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by Ophir Feldman, Wentworth Institute of Technology

Let’s face it, teaching an elementary college geometry course for design students can easily become a snooze fest. I was looking for a way to make the class a bit more engaging by appealing to these students’ creative/artistic side while showing them how to ’do mathematicsâ? with their bare hands. I always liked origami and I could see the potential for adopting it to geometry but I started to think: how can a flapping bird be used to demonstrate geometrical concepts? Sure, it’s fun to fold and create projects but it must have some meaningful point that relates to material in the course. In addition, I must keep the folding to some basic creases, nothing too fancy like an open double sink fold.

Well, I looked around and found a great resource to help me get started. Thomas Hull’s *Project Origami* answered my questions and provided ideas for wonderful classroom activities. For example, did you know that a few basic folds can subdivide a square piece of paper into exact thirds, fourths, fifths, n^{th}s? And not only that, but you can easily prove this using only similar triangles! This is a proof they can see right on their piece of folded paper.Let’s face it, teaching an elementary college geometry course for design students can easily become a snooze fest. I was looking for a way to make the class a bit more engaging by appealing to these students’ creative/artistic side while showing them how to ’do mathematicsâ? with their bare hands. I always liked origami and I could see the potential for adopting it to geometry but I started to think: how can a flapping bird be used to demonstrate geometrical concepts? Sure, it’s fun to fold and create projects but it must have some meaningful point that relates to material in the course. In addition, I must keep the folding to some basic creases, nothing too fancy like an open double sink fold.

Here’s another easy one: With only a couple of moves you can trisect any acute angle on your square paper ’ a feat one cannot accomplish even with a straightedge and compass. This can be easily shown with some congruent triangles that students can trace after performing the folds (for a quick guide to trisecting an angle using origami click here).

And yes, even the good old flapping bird has something to teach these students. But to me, the nicest activity involves constructing modular Bucky Balls using Tom’s PHiZZ units. The units are very easy to fold and putting them together to form, say, a dodecahedron (see picture below) is like doing a fun puzzle. Especially challenging is to try and put it together with only three colors such that no two colors touch. The students learn the real geometric restrictions that these structures must obey. It is useful to point out that Bucky Balls (also known as geodesic domes) are used in nanotechnology, architecture and design. Mathematically, students use Euler’s formula, do some counting of vertices, edges and faces and then solve a system of linear equations to arrive at the required relationships between the number of pentagon faces, hexagon faces, edges and vertices.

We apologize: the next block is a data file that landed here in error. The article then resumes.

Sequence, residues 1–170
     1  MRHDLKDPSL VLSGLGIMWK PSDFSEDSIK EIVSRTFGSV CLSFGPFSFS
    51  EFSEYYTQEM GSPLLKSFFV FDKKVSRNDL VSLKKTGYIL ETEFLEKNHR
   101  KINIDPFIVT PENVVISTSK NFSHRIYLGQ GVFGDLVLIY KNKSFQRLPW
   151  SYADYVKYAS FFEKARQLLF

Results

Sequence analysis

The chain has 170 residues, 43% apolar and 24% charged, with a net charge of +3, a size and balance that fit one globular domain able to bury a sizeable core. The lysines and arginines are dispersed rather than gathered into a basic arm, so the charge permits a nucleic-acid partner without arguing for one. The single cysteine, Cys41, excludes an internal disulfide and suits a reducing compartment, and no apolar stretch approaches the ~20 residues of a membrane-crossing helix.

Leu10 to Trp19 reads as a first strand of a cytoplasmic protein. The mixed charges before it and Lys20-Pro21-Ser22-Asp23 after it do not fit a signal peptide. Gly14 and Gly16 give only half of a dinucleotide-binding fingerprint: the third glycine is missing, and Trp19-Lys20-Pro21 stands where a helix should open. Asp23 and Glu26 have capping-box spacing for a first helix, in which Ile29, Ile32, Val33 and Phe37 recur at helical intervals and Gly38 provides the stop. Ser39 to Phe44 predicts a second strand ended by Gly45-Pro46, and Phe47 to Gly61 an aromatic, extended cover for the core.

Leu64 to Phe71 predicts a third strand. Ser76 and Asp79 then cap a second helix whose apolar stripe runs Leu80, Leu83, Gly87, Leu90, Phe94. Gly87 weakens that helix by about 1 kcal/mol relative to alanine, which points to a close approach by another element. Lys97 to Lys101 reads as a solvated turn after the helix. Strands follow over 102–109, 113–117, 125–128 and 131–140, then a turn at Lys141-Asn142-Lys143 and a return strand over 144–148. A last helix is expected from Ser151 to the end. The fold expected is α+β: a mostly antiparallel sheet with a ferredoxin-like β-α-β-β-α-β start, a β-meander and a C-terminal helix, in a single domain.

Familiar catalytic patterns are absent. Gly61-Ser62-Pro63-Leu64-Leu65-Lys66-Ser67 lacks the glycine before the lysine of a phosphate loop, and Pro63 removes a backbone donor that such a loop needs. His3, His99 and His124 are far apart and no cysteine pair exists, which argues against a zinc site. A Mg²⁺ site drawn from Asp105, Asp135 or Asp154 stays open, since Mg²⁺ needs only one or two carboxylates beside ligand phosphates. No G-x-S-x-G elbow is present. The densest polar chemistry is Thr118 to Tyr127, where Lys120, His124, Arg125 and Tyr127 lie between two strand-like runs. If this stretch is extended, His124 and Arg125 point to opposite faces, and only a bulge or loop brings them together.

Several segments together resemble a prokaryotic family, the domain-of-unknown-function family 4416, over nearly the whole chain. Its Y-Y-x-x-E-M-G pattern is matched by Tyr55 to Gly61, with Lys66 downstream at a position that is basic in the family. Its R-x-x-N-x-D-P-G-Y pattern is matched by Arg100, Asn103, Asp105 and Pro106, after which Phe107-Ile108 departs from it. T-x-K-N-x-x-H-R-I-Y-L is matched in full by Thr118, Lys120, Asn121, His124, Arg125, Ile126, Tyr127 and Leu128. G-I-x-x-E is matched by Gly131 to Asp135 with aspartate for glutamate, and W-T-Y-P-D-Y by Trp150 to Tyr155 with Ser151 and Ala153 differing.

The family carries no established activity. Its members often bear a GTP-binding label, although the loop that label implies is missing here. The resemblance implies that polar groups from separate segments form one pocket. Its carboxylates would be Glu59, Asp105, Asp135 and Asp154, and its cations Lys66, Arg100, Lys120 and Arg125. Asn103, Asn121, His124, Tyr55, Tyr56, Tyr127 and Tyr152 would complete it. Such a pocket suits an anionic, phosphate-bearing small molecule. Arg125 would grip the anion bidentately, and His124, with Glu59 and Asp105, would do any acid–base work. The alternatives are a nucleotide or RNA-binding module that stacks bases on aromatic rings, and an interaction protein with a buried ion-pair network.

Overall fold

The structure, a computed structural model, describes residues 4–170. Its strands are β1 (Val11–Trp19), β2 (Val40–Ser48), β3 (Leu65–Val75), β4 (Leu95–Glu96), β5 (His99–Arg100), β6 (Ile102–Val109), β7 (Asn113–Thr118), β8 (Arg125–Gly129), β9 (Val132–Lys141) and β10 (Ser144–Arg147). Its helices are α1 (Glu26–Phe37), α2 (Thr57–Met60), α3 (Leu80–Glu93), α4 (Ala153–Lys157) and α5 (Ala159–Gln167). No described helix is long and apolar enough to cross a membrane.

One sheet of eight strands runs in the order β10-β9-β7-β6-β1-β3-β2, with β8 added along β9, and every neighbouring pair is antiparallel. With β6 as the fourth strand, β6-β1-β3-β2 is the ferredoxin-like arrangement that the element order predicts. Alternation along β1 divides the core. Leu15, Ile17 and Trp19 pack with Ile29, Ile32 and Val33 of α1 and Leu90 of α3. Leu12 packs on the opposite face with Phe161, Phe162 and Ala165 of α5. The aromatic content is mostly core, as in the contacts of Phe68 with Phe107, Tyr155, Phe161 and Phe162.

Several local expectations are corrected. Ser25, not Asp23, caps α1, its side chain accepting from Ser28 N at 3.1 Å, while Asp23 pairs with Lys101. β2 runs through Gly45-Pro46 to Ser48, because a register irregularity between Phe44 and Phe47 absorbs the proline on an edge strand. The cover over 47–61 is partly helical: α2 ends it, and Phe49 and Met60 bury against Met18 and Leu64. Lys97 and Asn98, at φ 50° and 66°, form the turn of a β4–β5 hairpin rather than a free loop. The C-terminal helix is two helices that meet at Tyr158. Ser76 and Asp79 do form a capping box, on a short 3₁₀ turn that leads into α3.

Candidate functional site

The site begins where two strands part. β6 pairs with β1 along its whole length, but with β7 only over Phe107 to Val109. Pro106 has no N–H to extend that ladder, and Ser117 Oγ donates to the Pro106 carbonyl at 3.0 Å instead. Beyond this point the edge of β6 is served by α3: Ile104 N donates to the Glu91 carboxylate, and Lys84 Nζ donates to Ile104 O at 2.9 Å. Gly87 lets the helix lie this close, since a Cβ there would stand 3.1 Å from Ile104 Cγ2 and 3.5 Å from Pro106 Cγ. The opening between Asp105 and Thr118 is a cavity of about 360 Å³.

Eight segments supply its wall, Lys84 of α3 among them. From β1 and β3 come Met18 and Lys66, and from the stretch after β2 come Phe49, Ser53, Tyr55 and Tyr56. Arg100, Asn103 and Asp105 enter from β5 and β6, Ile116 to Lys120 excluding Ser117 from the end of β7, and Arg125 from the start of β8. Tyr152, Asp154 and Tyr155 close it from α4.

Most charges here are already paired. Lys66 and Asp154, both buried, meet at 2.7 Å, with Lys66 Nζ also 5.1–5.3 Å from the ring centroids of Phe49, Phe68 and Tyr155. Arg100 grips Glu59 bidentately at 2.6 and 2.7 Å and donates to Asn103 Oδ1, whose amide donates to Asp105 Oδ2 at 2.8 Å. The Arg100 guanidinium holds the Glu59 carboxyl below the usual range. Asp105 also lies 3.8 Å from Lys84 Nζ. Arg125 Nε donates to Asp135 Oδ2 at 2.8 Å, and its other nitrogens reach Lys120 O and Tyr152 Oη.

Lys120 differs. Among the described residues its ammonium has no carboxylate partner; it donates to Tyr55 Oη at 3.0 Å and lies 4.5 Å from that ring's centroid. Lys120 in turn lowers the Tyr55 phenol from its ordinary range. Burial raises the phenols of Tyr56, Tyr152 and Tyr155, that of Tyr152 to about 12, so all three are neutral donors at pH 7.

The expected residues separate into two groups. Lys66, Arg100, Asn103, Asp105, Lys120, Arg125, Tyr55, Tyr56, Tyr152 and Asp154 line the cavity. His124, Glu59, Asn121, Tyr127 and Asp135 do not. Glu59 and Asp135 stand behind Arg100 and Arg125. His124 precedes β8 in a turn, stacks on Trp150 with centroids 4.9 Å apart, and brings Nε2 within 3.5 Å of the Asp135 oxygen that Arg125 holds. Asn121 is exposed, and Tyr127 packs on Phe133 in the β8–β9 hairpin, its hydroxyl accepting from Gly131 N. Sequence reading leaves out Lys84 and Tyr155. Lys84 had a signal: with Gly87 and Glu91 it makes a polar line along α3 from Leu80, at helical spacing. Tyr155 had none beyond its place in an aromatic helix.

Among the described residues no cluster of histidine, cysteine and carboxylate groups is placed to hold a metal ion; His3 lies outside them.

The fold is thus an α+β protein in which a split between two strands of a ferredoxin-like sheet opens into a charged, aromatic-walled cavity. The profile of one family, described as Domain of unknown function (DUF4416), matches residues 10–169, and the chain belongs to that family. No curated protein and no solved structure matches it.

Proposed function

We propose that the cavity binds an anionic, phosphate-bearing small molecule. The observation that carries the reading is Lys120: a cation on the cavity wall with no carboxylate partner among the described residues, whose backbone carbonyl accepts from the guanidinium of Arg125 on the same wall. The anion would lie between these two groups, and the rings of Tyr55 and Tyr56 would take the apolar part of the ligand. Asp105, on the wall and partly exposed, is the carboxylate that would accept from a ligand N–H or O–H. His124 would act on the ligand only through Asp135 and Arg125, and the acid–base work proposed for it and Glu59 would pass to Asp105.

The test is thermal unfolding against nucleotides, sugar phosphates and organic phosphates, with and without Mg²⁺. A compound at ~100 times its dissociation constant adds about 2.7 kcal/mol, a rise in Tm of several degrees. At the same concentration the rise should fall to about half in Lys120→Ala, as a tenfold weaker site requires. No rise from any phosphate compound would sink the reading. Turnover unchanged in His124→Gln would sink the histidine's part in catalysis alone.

For the three-colorability, students learn about Hamilton circuits. This project definitely gets a lot of math bang-for-the-buck.

On exams, I feel comfortable asking students deeper questions relating to concepts that we covered using origami. I also dare to ask them to prove or justify their answers. The results are much better than when I ask these kinds of more abstract questions about concepts that were learned without the aid and motivation of origami.

The feedback from students is mostly positive. They never expected their ’boringâ? math class to have an origami twist. What is interesting is that some students have trouble following the most basic of folding instructions. I found this surprising since working with their hands and good visualization skills are supposed to be their forte. So be warned: some students do get frustrated, but with repeated explanations and one-on-one help from the instructor or fellow classmates, they get it.

So, go ahead give it a try. You really don’t have to be an origami master to bring origami to your math class.

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Reference

1. Hull, Thomas, 2006, *Project Origami*, A.K. Peters.

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About the Author

Ophir Feldman (__feldmano@wit.edu__) received his B.S. in Mathematics from Hofstra University in Hempstead, New York. He received his M.A. and Ph.D. from Brandeis University in Waltham, Massachusetts and is currently an Assistant Professor at Wentworth Institute of Technology in Boston, Massachusetts. His research area is geometric group theory and he has a strong interest in the mathematics and art of origami and its applications to the classroom.

*The Innovative Teaching Exchange is edited by Bonnie Gold.*